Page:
He became aware of himself in a way that was unrelated to time, place, or sensory input. From here, he pulled his awareness back, walking backward through the events of the day. In the quiet screening-room of his mind, he played them over, running them back and forth like a film. His meeting with Ella McKay. His walk through the night- the air heavy with portent, the spiced gloom of Fall- to the diner. He ran over Ella's words to him, trying to analyze them- to analyze her- without bias or context. Even as he did this, however, his attention was pulled over her shoulder, to the man who sat two booths down from them. The man in the black bowler hat.
His attention wavered. The surface of his vision, so like a mirror, began to ripple and distort, as though the mirror had become a reflection in a moonlit pool, disturbed by the passing of some unknown thing. He fought to hold his concentration, focusing on a single shape- a circle with dot in the center- until he felt calm once again.
The space of a thought, and he stepped back along the line of his memory until he was sitting across from George McKay, a glass of too-sweet port in one hand, a fire in the hearth behind them. George looked older than his years could account for, the hair receding back from his temples, the lines around his eyes deepening. The eager, knowledge-hungry look Christopher remembered was gone, replaced by a more somber study. The young man who had been so desperate for initiation, the young man who had missed the counterculture revolution of the late Sixties, and coming to maturity in the doldrums of the Seventies, wanted so badly to be a part of something, anything...that man had receded, leaving marks on the aging George McKay like the strata left by the high tide line. And Christopher, celebrating a melancholy anniversary of his own, took one look at that face and knew it was time to bring an end to the House of Secrets.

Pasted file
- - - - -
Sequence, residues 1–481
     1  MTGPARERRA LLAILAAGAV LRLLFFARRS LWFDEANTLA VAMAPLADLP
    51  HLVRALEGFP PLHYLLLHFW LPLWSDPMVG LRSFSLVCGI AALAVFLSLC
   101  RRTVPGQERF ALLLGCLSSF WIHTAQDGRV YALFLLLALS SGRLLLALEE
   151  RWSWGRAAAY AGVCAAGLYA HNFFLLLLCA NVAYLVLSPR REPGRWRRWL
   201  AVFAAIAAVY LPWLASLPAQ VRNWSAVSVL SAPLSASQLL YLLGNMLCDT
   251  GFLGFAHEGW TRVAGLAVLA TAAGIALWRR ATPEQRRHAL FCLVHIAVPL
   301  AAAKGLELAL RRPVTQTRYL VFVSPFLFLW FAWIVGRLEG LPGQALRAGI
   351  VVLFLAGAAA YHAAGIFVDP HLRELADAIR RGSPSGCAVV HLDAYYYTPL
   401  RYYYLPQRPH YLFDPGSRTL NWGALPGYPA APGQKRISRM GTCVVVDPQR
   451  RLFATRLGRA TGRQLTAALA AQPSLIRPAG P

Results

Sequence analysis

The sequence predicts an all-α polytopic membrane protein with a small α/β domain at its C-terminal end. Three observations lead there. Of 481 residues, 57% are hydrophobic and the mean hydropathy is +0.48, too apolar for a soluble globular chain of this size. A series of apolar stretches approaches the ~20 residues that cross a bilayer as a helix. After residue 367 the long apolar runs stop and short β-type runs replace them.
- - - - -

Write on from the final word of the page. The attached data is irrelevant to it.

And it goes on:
"You look good," George said. "I mean, you always look fine, but sometimes you look tired, you know?"
"You looked tired back in the Seventies."
"The Seventies were a tiring sort of decade."
George cleared his throat. "So you're doing all right, then?" He took a sip of port.
"Passable. Had a few good years." Christopher turned the glass in his hand, watching the light glow through the ruby liquid. He lowered the glass and saw, peering at him from the staircase, the wide eyes of George's daughter, mouth frozen in a shocked little 'O' as she saw him seeing her. He smiled at her, and she retreated up the steps, into the darkness.
Floating in the no-space of pratyahara, Christopher mused on the circular nature of his life. Once again, forces had conspired to-
But something new was coming, rushing up the aetheric channels like a wave through the calm sea of his trance. This was so unusual that he relaxed, intrigued, and let it carry him where it would.
George McKay's house fell away into the background, Christopher's inner eye shuttering like a deck of cards passed from hand to hand. And now a new memory was surfacing, pulled from the shuffle like a forced card in a magic trick. And now it was London, and the cool of late Spring in the early years of the new century...
"Quit this world, quit the next world, quit quitting!" -Sufi proverb.